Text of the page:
Garden Guru: Seasonal Gardening Tips

A sampling of our seasonal tips & advice... click on the Garden Guru link under the Labels section (bottom right) for more great information!


Spring-cleaning Your Houseplants and Starting Seeds

Here are a few ideas for gardening now. It's a good time to clean the dust off your houseplants. The coating can inhibit the exchange of air and moisture for the plants. With smooth leaved plants, you can just wipe them with a damp sponge or moist paper towel. For plants that have textured or fuzzy leaves, take a clean paint brush or even a make-up brush and whisk away the dust.

If you are starting seeds indoors, try to water them from the bottom. Watering from above can dislodge the seeds or even knock down a tender seedling. Set the flat or pot into a larger container and pour the water into that and let the seeds absorb what they need from that. Just don't leave them in standing water for more than a few minutes.

Happy spring, and keep a look-out for those first crocus, or flowers on a hellebore, the plant also known as a Lenten rose because it can blossom as early as Lent.

Glad Tidings

If you have grown glads in the past you've probably noticed that they all bloom about the same time, last for a week or so and that's it. If you'd like to have glads blooming most of the summer, the trick is to plant them over the course of a month or so. With successive plantings, you would plant 8-12 bulbs one week, then another group a week later and another group a week or so after that. 

Plant the bulbs (or more correctly the corms) in full sun in well drained soil. If you plant early in the season they will take 8-10 weeks to flower, but if you plant in warmer weather (June), glads will bloom in 6-8 weeks. They come in so many beautiful colors, I hope everyone will give them a try this year.


Garden Maintenance Tips for August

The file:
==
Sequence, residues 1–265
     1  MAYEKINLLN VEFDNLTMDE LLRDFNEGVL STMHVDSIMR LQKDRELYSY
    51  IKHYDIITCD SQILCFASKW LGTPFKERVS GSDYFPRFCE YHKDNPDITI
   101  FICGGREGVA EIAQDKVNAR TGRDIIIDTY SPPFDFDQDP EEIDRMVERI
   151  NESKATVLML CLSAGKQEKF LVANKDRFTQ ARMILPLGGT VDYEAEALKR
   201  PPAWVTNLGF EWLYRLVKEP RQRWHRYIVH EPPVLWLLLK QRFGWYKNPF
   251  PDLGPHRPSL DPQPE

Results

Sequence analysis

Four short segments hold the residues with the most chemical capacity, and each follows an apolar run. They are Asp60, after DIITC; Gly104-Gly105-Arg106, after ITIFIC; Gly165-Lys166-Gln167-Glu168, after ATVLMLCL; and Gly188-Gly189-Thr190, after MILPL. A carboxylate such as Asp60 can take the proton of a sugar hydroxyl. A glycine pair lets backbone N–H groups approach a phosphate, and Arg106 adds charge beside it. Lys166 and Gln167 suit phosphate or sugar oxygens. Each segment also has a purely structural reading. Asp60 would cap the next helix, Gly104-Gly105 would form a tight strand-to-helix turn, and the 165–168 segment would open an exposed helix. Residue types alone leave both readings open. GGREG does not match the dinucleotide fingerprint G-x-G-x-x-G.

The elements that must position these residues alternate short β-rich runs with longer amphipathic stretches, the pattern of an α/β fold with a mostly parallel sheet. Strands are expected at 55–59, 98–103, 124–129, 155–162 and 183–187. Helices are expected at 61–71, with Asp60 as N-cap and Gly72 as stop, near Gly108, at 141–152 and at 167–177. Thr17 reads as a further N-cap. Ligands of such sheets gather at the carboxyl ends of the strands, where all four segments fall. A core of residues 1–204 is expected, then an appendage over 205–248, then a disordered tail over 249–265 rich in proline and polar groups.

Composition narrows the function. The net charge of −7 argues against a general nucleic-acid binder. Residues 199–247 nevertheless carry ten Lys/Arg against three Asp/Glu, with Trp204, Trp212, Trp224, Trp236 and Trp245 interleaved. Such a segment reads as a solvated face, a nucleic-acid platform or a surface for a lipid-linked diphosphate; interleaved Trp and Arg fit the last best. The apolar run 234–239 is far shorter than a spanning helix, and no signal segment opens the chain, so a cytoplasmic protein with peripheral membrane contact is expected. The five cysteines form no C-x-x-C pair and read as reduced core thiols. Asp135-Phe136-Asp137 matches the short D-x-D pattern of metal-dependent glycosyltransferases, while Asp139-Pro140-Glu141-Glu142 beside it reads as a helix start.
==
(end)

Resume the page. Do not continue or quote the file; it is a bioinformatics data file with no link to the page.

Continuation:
Cut back perennials that have finished blooming. They’ll look neater and many will surprise you with a second bloom when prevented from setting seed the first time.

Keep picking your vegetable gardens. By picking, you are preventing your plants from going to seed so they keep producing. If you have more vegetables than you can use, offer it to friends or call a local food pantry and ask for their drop-off days. 

Replant this month for a more bountiful fall crop: green beans, peas, cucumbers, carrots, kohlrabi, summer squash, early sweet corn, green onions. Water seeded areas by hand daily until the new plants are up and a couple of inches tall. Cover the newly planted seeds with row covers to help keep them cooler and out of pecking range of birds. You can take the row covers off when the plants are several inches tall.


Fall Plantings

We immediately think of mums, but there are also ornamental kales and cabbages for sale. They are hardy even after frost and as temperatures drop, their colors often get deeper.
Many garden centers have perennials, shrubs and trees on sale at this time so take advantage of lower prices and add more life to your garden. 

And of course, autumn is the time to plant tulip and daffodil bulbs for color next spring. And remember the smaller bulbs like crocus, grape hyacinth and snowdrops which are the first to pop in early spring.


Here are some December outside chores: Put a leaf or pine needle mulch over any beds of perennials. Place pine needles over strawberry beds and cut down and dispose of raspberry and blackberry canes that fruited this year. Allow leaves to remain under bushes both as protection for the roots and as a home for many moths and butterflies that spend the winter in the leaves. In the spring, those caterpillars will provide food for the birds as well as beauty for your garden.

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